The iconic MINI brand, despite having its model range grow exponentially over the past decade, is apparently in the midst of an existential crisis. According to Automotive News, customers in the US, the world’s largest auto market, are ditching small cars for more spacious crossovers and pick-up trucks, and MINI is having a hard time catching up.

However, BMW Group seems optimistic about MINI’s future and is doubling down on it, with plans to add more crossovers and two-door hatchbacks. In fact, BMW Group sales boss Pieter Nota said turning around the MINI business in the US requires new products, and that includes fresh offerings.

Nota added that there are developments in small crossovers as well. “That’s a growing segment. Without revealing anything, we will see growth in that segment.” He also went on to say that MINI’s core customer group is not growing, so moving into new segments could attract new buyers.

Crossovers accounted for 38% of the US light-vehicle market last year, up from 27% five years ago. During that period, small-car market share shrank from 18% to 12%. MINI’s largest model, the Countryman compact crossover, was the brand’s bestselling nameplate through June this year, although general sales in the US have been steadily declining since its peak volume of 66,502 units in 2013.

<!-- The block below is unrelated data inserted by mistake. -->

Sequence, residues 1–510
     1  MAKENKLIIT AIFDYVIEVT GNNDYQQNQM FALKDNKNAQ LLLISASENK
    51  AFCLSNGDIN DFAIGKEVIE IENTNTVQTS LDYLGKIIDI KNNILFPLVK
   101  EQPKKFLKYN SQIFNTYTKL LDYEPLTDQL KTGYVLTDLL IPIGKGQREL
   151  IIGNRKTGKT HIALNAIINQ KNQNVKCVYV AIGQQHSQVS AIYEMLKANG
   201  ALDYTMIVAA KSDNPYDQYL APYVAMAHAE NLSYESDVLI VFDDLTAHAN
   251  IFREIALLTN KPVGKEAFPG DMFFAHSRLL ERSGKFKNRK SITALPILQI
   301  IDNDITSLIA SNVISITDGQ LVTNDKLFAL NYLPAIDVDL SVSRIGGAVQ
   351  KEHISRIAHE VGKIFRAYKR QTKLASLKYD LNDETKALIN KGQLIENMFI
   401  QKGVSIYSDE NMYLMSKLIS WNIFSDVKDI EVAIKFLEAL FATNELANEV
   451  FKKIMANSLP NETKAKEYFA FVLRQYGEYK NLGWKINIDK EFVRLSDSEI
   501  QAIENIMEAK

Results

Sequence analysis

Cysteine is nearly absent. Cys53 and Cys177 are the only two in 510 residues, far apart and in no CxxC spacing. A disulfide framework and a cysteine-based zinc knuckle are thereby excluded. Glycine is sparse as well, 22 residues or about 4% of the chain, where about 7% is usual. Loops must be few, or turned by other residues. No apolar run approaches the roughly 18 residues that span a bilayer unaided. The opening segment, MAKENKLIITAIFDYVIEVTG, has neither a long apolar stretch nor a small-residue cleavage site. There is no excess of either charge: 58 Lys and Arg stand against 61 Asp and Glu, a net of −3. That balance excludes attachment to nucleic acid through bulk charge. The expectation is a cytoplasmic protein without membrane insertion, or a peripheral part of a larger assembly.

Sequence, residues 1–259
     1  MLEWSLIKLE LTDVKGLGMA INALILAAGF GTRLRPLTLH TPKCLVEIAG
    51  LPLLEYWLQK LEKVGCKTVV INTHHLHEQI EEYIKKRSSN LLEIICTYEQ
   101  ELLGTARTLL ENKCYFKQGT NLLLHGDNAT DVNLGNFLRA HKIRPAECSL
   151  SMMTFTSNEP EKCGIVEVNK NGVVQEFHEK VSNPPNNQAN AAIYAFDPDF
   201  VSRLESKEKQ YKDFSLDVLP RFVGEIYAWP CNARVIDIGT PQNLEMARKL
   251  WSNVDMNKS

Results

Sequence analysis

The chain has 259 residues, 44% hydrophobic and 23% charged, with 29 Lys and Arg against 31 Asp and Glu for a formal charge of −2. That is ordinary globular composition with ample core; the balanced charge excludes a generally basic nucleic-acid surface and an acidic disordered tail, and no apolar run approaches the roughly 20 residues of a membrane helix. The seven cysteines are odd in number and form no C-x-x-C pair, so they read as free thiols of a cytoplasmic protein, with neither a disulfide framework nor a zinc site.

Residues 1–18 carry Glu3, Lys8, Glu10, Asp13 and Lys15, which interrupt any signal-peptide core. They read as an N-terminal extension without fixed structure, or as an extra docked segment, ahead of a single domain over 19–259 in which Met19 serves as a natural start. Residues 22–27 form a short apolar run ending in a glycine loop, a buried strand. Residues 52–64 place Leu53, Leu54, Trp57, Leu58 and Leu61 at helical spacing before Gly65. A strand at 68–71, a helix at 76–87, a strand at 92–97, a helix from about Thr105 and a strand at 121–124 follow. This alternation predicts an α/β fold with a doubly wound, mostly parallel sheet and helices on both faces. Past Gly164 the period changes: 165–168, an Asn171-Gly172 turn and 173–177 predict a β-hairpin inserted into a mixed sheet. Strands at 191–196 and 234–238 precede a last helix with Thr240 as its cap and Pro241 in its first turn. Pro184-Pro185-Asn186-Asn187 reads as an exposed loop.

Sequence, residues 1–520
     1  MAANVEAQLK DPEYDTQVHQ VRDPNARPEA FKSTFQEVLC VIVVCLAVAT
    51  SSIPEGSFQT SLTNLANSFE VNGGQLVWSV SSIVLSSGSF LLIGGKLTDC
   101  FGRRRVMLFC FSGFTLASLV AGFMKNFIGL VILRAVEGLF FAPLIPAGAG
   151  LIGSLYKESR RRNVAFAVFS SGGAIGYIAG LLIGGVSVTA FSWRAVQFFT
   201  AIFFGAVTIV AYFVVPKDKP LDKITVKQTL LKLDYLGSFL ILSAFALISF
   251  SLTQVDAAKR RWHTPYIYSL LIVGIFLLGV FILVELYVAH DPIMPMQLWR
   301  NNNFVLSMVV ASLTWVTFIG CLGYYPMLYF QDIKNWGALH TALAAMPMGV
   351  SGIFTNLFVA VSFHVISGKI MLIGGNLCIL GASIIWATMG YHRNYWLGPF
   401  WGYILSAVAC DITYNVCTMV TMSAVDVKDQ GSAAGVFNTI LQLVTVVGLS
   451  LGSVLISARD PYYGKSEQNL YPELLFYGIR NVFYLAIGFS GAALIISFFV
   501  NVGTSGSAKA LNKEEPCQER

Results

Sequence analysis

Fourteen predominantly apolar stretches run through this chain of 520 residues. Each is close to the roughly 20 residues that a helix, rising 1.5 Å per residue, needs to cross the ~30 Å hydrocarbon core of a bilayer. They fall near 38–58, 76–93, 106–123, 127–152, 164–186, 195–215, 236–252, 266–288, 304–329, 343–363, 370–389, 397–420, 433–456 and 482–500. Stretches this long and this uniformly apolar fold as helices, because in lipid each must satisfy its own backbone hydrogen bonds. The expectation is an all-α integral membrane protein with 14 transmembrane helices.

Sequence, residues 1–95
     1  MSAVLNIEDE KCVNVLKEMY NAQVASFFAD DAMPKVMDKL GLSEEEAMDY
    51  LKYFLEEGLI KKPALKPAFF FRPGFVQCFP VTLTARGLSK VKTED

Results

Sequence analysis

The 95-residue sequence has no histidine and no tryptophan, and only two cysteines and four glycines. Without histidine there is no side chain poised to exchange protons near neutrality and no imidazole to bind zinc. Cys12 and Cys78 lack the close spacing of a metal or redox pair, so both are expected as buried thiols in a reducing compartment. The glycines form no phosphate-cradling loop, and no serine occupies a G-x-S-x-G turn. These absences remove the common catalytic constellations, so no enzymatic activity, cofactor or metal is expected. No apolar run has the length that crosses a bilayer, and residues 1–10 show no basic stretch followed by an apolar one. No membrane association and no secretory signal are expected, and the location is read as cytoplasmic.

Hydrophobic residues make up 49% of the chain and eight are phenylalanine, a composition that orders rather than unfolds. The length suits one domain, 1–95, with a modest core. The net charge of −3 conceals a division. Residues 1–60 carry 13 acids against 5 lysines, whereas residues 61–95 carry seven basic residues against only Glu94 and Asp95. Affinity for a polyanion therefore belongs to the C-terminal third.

This affects dealer profitability, and consolidation efforts have seen MINI share operating facilities with BMW, splitting backroom expenses to help defray operating costs and real estate overhead. But this doesn’t mean that MINI is giving up on the US market. If anything, Nota said he’s optimistic that forthcoming models, including the new MINI Electric, will create a healthy future for the brand in the US.

Speaking of the future, future new models are tipped to be electrified, either partially or fully electric. BMW Group execs have yet to confirm plans to electrify the entire MINI line-up, but existing platforms are already modular enough to accommodate conventional engine, hybrid, and full electric propulsion. As of now, the Countryman plug-in hybrid is currently the brand’s sole electrified vehicle.

For now, the current MINI range may be spared from electrification, “but for the next generation, we might still have surprises for you,” said Elena Eder, product development chief for MINI’s electric programme. Nota, however, insists that internal combustion engines will continue to power MINIs.

“We see certainly a significant role for electric in MINI. But there is also going to be a place for our John Cooper Works because there is serious customer demand there,” he said. “So, we will also have some really exciting combustion engines for the MINI brand.”